"Christmas is coming! Christmas is coming!" That’s how my grandmother, Addie Crist, would greet me when she came to visit my parents and me for the holidays. She would walk in the house and the front hallway — all five-feet-two inches of her — grab both my hands and dance around in a happy circle and repeat the phrase over and over. If any season or time of year ever came to represent a person in my life, Mimi’s, as I called her, was most definitely Christmas. What I didn’t know at that time of my youth was that Addie Crist’s special season was eventful for far more than just me and my family. She had been married to Harris Crist and lived for many years in Brooklyn, N.Y., where he was the longstanding managing editor and ultimately co-owner of the Brooklyn Daily Eagle. The Eagle was a respected daily in its day and had bureaus throughout the world, competing fiercely with all the majors papers.

Harris sold the paper in the mid-thirties and retired to the Vineyard in 1936. He and Addie had a home designed and built that overlooked the harbor in Vineyard Haven. An elegant structure with five fireplaces, a stately study with a harbor view and five bedrooms, it would be their home until it was sold to the Strock family in the early 1950s.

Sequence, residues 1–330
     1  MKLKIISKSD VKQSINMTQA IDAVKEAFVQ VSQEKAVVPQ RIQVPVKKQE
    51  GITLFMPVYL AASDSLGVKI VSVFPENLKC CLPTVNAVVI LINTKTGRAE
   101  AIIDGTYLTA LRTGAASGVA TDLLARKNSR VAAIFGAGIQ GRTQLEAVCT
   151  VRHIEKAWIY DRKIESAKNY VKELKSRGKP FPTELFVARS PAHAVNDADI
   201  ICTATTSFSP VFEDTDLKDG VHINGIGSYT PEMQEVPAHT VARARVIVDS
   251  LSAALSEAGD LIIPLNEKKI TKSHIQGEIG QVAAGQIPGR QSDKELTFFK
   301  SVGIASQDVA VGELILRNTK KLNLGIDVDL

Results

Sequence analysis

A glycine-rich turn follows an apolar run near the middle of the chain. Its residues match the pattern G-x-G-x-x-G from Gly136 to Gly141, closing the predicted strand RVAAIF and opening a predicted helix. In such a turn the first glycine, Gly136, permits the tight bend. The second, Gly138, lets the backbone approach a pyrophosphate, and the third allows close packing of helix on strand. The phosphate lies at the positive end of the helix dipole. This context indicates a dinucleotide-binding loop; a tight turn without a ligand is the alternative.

While Harris was an avid golfer and played “every day there wasn’t snow on the ground” at the Oak Bluffs Country Club (now Farm Neck), Addie immersed herself in Vineyard life. A talented musician who could play by ear, she played the organ at Grace Church. While there, she must have been struck during her favorite time of the year to realize how many children did not receive any presents at all or simply needed clothes such as a jacket or mittens.

Thus, in 1938 Addie got a few friends together and knitted six Christmas stockings, filled them with toys and gave them away to needy children. It was a small beginning, but now 76 years later, the Red Stocking Fund is a major Island initiative that helps more 300 families each year, and most important to my grandmother, spreads the message of Christmas giving far and wide.

I remember vividly Addie’s last Christmas at our house in 1965. Despite a weakened heart, she danced with me in circles in the front hallway and happily gave out her presents on Christmas morning. The next day, while resting in bed with the sounds of her children and grandchildren filling the air around her, she put down her book, folded her glasses on the side table and quietly passed away. She had determinedly made sure that she had spent one last Christmas with those she loved most.

Merry Christmas, Mimi! Christmas is coming, Christmas is here!